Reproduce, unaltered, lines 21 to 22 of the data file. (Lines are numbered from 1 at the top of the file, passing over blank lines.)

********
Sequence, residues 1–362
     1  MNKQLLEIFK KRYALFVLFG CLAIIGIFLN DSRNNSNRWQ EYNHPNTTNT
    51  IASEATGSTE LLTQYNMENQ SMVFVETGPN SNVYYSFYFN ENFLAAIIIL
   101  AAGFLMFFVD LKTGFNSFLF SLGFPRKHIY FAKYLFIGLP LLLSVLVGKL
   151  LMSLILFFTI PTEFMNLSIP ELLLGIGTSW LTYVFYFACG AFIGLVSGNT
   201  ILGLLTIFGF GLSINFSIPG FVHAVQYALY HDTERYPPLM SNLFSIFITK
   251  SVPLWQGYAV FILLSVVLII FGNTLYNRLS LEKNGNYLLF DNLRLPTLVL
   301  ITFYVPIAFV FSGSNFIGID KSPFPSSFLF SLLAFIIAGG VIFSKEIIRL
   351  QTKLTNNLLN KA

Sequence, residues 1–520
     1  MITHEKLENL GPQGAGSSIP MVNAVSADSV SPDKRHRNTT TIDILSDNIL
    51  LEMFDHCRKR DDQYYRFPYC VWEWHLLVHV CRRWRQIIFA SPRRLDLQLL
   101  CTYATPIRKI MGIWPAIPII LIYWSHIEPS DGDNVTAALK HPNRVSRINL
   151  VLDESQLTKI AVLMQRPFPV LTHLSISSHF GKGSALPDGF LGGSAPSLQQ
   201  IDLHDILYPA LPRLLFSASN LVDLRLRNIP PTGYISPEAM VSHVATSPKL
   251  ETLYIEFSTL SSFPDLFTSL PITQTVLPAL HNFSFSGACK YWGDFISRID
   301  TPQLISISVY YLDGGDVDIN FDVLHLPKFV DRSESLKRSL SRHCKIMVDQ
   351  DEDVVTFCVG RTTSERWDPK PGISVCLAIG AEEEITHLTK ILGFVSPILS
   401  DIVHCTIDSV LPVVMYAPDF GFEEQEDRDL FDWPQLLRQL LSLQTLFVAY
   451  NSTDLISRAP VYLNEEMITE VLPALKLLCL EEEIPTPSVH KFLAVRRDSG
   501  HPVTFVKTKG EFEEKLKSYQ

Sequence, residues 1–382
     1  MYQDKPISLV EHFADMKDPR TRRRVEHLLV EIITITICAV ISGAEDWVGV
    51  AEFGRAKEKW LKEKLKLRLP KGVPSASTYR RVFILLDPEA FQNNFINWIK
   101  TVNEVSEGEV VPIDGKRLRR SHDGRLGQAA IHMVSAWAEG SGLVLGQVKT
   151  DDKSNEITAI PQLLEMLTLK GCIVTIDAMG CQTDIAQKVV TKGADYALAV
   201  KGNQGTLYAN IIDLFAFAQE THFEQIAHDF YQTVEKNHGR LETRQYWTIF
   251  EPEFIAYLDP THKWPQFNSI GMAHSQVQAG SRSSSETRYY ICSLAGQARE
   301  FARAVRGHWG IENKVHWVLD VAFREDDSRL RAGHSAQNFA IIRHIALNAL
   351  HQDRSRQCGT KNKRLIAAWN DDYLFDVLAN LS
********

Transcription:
   501  HPVTFVKTKG EFEEKLKSYQ

Sequence, residues 1–382